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How Do Kidney Stones Effect Homeostasis
The kidneys are paired organs that lie on either side of the vertebral column. Part of their critical functions include the excretion of urine and removal of nitrogenous wastes products from the blood. They regulate acid-base, electrolyte, fluid balance and blood pressure. Through hormonal signals, the kidneys control the ...Read more
Kidney stones: Kidney stones do not usually effect bowel movements however, not drinking enough water is a major cause for both stones and constipation. Also with kidney stones, any strain or pressure in the abdomen (like having a bowel movement) can cause pain. So drink plenty of fluids! ...Read more
Drink more,,: The best way to control kidney stones is by drinking lots more fluids to help them pass out in the urine. This also helps stop them from forming. Some medications like Alpha blockers (tamsulosin) and calcium channel blockers (nifedipine) are used to expel stones. Others like nsaids are used to manage pain. Best of luck ...Read more
A metabolic work-up : The best way to fight stones is to understand your metabolism. I believe that most stone formres should have a metabolic work-up. This should include blood levels of calcium, 24 hour urinalysis (looking at calcium, citrate, oxalate, etc). Good intake of water avoiding certain foods (high in calcium, oxalate) and medications (citarte, diuretics) may be necessary to fight stones. ...Read moreSee 1 more doctor answer
Water, water, water: Drink plenty of water. Dehydration increases the risk of both kidney stones and kidney infections. Think of the water you drink as diluting the other substances in your urine, including the minerals that can cause kidney stones, as well as washing out your urinary system to flush bacteria out of you and into the toilet! in women, frequent urination, wiping front to back reduce infection risks. ...Read more
Quite Variable: Several factors, primarily stone size and patient anatomy, determine how long a stone will take to pass. Larger stones generally take longer to get to the bladder. Stones larger than ~5mm are at higher risk of getting stuck in the ureter and requiring intervention to extract. Scar (stricture) in the ureter also decreases the chance a stone will pass. Good luck. ...Read more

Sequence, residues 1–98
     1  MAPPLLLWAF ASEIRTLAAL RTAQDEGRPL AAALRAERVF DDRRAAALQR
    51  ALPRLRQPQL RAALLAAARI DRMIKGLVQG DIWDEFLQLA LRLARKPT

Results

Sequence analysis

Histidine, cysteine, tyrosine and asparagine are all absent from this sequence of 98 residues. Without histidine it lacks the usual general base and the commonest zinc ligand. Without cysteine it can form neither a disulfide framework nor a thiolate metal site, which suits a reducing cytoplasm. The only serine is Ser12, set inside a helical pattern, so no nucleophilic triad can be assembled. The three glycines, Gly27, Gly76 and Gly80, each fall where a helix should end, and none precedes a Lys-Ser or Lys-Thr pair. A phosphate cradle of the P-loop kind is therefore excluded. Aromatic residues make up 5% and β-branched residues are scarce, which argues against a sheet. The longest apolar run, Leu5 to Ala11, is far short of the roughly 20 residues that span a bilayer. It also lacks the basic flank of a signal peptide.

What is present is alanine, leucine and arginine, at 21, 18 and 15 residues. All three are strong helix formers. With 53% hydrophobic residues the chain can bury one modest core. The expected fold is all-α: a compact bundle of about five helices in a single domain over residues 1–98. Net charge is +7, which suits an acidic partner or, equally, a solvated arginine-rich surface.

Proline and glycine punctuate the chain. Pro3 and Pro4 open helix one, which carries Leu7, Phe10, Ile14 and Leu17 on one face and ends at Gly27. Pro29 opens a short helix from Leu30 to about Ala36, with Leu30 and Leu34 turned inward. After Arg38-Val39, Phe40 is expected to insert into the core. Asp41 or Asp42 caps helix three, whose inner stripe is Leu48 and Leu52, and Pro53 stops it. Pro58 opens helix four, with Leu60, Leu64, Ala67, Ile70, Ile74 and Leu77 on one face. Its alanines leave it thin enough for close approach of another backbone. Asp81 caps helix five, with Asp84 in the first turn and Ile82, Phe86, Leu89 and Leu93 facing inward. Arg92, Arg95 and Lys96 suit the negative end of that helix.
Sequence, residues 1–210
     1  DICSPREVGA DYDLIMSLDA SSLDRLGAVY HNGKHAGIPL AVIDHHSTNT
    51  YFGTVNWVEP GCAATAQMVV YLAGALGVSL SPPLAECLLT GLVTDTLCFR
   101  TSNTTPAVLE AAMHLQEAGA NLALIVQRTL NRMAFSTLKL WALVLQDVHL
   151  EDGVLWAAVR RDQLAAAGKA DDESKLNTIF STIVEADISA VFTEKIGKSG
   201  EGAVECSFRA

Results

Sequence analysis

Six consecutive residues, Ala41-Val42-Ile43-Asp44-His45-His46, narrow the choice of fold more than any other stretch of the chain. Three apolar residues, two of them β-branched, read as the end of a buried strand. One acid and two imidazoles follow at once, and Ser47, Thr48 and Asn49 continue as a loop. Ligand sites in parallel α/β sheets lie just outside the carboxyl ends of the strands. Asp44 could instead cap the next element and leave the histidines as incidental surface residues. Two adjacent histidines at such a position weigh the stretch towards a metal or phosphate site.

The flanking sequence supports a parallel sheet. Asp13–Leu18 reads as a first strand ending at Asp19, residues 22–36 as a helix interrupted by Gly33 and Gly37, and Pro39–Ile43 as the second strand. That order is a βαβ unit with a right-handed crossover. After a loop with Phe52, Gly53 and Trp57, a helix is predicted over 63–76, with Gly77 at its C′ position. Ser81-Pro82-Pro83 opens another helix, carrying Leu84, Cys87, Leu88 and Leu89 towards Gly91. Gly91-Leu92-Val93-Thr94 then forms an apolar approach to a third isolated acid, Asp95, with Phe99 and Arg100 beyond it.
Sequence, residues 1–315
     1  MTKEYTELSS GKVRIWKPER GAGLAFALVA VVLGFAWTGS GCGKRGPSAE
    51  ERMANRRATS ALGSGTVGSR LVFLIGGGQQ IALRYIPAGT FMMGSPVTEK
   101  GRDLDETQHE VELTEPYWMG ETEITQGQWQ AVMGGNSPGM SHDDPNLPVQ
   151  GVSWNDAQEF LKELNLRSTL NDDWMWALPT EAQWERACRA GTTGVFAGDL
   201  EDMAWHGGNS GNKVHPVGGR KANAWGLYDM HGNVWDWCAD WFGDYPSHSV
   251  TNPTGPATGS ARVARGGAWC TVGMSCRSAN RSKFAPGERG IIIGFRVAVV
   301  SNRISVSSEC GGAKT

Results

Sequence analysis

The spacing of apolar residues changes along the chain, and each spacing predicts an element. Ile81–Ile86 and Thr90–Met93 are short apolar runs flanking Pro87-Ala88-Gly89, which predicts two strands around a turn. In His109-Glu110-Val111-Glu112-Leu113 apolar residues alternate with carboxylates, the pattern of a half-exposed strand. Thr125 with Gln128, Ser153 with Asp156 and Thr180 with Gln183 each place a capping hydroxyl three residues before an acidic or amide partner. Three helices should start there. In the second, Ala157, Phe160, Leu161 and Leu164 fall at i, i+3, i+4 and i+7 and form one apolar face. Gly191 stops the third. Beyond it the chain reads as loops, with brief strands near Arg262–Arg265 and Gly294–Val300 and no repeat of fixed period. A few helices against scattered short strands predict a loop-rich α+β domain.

Do your best...: Recurrent stone formers should follow instructions closely from treating urologist designed according to the report of stone work-up. So, to keep daily urine output constantly >2500 cc evenly through 24 hours, and consume less salt, red meat, and dairy products by at least 50% is a universal decent advice. Practicing stone prevention can be hard, but doable and effective. Best wish ... Always. ...Read moreSee 1 more doctor answer
Hi, I'm doing a project on Kidney Stones. the question is, when you get Kidney Stones, how does it affect your digestive system?
They don't. : Being kidney stones stay within the urinary system (kidneys, ureters and bladder) they should have no direct effect on the digestive system. Indirectly, though, if you have stone that's stuck and causing severe pain, you could get something called "reactive ileus" wherein the GI tract contractions slow down precipitously. ...Read more
Renal equals kidney: The kidney is the basic engine of the renal system. It is what processes the wastes and corrects the chemicals in the body. The remainder of the renal or genitourinary system is the plumbing that allows the liquid wastes of the body to be eliminated. ...Read more
Cure?: Depends on what they are made of. Uric acid stone are one type others are made of such elements are oxalate and others. Preventing them is best achieved with diet but and this is key with your doctors help. Some diet fads may make it worse. Once formed you may need help getting them out. Good luck ...Read more
Solutes precipitate and combine to form stones formed of calcium oxalate usually around a nidus of uric acid. Other solutes that form stones are ca and mg phosphates, cystine, and uric acid staghorn calculi form in the presence of chronic urinary tract infections. Stones can be painful, may require ...Read more
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